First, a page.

[2] Ethiopia has long been recognized as an ideal location to study rifting and hot spot tectonism because of the Cenozoic continental flood basalt volcanism, plateau uplift, and transition from continental rifting to incipient seafloor spreading found there [Ebinger and Casey, 2001; Nyblade and Langston, 2002; Furman et al., 2006]. In this paper, we use new P and S wave tomographic models of upper mantle structure beneath Ethiopia to advance our understanding of the origin, nature, and evolution of the Ethiopian hot spot and the Main Ethiopian Rift (MER). [3] Many authors have invoked starting thermal plumes [Griffiths and Campbell, 1990], citing surface observations such as geochemistry and elevated topography, to explain Ethiopia's hot spot tectonism, but the location and number of plumes or upper mantle convective cells is often debated [e.g., Schilling et al., 1992; Burke, 1996; Ebinger and Sleep, 1998; George et al., 1998; Courtillot et al., 1999; Rogers et al., 2000; Furman et al., 2006; Rogers, 2006]. For example, Ebinger and Sleep [1998] suggested that one large plume spread beneath the African Plate near Turkana at $45 Ma but only small amounts of melt volume were produced until lithospheric thinning commenced in the Red Sea and Gulf of Aden. Topography at the base of the lithosphere channeled buoyant material up to $1000 km from Turkana to the evolving Red Sea rift and the Mesozoic rift zones of eastern and central Africa. Alternatively, George et al. [1998] and Rogers et al. [2000] cite differences in geochemistry between Afar and Kenya to propose that two Cenozoic plumes may have existed, one rising and dispersing beneath southern Ethiopia at $45 Ma and the other rising beneath the Afar depression. Furman et al. [2006] modify the single plume hypothesis to invoke ideas of multiple plume stems rising from a long-lived deeper feature of the mantle (the African Superplume). Kieffer et al. [2004] claim that Oligocene Ethiopian Plateau volcanism was sourced from a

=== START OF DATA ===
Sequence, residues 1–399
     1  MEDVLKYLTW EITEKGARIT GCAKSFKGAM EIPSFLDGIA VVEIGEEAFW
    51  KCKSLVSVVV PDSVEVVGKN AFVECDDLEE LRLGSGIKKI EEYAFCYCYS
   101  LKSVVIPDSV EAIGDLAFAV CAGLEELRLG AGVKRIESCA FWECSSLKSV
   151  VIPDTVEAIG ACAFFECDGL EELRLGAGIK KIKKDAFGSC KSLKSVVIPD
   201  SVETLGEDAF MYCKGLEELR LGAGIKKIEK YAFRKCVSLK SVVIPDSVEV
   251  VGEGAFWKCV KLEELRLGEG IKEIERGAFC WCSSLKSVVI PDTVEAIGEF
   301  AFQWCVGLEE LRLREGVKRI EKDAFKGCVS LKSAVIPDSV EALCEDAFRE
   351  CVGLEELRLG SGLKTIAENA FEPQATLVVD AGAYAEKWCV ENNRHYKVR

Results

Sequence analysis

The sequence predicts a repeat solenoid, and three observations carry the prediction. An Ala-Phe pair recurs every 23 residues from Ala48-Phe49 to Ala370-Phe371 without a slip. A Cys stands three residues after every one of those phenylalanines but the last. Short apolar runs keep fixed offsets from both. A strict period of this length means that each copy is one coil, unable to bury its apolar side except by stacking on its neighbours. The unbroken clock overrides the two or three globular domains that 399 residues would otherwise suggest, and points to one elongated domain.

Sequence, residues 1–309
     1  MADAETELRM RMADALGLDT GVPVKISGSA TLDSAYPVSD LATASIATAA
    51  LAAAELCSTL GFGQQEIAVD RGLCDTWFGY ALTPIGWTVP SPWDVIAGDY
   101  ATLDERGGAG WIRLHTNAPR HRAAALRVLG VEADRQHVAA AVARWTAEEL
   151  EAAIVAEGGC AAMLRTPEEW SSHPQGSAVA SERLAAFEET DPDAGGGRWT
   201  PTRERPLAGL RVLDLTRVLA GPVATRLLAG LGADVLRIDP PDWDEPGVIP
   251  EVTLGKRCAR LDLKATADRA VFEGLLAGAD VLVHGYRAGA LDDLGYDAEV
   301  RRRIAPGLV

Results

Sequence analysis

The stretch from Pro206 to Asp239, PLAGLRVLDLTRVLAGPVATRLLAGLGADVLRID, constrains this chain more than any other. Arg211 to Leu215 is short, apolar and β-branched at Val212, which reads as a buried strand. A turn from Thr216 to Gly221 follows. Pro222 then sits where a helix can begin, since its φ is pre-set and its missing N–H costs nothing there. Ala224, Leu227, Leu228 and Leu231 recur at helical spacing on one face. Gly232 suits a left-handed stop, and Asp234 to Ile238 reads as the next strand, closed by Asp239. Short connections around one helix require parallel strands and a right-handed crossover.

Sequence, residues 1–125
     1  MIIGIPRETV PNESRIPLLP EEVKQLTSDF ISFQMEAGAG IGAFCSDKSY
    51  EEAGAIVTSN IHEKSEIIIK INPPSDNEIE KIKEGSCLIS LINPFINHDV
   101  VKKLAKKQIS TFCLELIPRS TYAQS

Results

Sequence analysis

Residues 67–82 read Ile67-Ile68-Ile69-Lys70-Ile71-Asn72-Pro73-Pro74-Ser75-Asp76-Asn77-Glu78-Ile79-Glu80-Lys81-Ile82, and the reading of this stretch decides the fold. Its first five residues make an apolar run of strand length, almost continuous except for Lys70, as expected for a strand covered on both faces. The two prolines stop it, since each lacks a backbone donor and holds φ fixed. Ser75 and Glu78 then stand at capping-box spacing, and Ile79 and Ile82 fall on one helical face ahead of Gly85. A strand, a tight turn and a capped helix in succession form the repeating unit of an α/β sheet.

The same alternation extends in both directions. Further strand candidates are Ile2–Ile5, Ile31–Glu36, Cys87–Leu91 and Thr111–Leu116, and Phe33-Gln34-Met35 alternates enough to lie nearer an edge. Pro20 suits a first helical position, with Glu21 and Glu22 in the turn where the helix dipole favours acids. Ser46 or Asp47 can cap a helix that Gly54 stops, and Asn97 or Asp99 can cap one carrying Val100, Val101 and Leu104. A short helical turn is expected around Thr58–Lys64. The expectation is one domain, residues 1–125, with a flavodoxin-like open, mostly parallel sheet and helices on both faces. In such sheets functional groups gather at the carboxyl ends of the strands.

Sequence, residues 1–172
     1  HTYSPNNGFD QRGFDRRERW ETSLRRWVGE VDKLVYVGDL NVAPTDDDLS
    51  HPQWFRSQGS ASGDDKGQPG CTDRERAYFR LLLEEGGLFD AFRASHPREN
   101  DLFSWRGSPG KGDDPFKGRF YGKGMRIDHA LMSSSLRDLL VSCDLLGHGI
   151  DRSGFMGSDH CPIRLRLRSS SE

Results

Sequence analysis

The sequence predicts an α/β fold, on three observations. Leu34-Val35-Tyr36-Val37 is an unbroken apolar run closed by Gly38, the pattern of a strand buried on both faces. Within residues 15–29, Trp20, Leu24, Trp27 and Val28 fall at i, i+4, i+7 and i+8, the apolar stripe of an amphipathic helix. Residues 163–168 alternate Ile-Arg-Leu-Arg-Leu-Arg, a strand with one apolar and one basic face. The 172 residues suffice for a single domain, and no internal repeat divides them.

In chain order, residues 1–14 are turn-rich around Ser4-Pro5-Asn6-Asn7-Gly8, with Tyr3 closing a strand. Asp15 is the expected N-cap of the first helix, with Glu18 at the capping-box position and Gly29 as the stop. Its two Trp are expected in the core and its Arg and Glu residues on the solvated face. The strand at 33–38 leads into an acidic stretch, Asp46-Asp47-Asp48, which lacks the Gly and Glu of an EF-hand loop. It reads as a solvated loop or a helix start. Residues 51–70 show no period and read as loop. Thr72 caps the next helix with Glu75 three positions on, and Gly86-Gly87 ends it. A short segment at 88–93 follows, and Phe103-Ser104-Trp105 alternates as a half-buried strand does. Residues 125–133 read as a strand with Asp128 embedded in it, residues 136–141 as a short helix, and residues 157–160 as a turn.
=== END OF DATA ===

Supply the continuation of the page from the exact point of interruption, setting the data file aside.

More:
broad region of hot, heterogeneous mantle, with little or no input from the lithospheric mantle. Plume models have also been advocated in many other related studies, for instance, Schilling et al. [1992], Baker et al. [1996], Burke [1996], Courtillot et al. [1999], Pik et al. [1999], Rogers [2006], Pik et al. [2006]. [4] Within the context of the plume model, the roles of lithospheric structure and process have also been called upon to explain complexities in plateau volcanism [e.g., Furman et al., 2006; Furman, 2007], uplift [e.g., Gani et al., 2007], and MER evolution [e.g., Rooney et al., 2005; Bastow et al., 2005; Yirgu et al., 2006; Keranen and Klemperer, 2007; Rooney et al., 2007; Corti, 2008]. However, even though lithospheric structural inheritance can strongly influence continental rift development, [e.g., Vauchez et al., 1997], the nature of plumelithosphere interactions remains poorly understood outside a 250 Â 350 km area centered on the MER [Bastow et al., 2005]. Beneath the MER a relatively narrow ($75 km wide) low-velocity zone was noted at lithospheric depths. Benoit et al. [2006b] suggested a westward dip to Ethiopia's broad (!500 km wide) upper mantle low-velocity region (LVR), implying that the MER may not have formed directly above the mantle upwelling. However, their study lacked resolution above 150 km and so the extent to which the MER and flood basaltic magmatism may have formed in an asymmetric manner with respect to the underlying mantle is not known. [5] Looking deeper into the mantle, recent seismic studies suggest that the hot spot activity in Ethiopia and surrounding regions may be linked to the African Superplume, a broad ($500 km wide) $3% S wave slow-velocity anomaly that originates at the core-mantle boundary beneath southern Africa and rises toward the base of the lithosphere somewhere in the region of Ethiopia and the Red Sea/Gulf of Aden [Grand, 2002; Ritsema and Allen, 2003; Simmons et al., 2007; Li et al., 2008]. When reviewed in light of other geophysical observations that can be used to constrain mantle convection (e.g., the global free-air gravity field, tectonic plate motions, and dynamic surface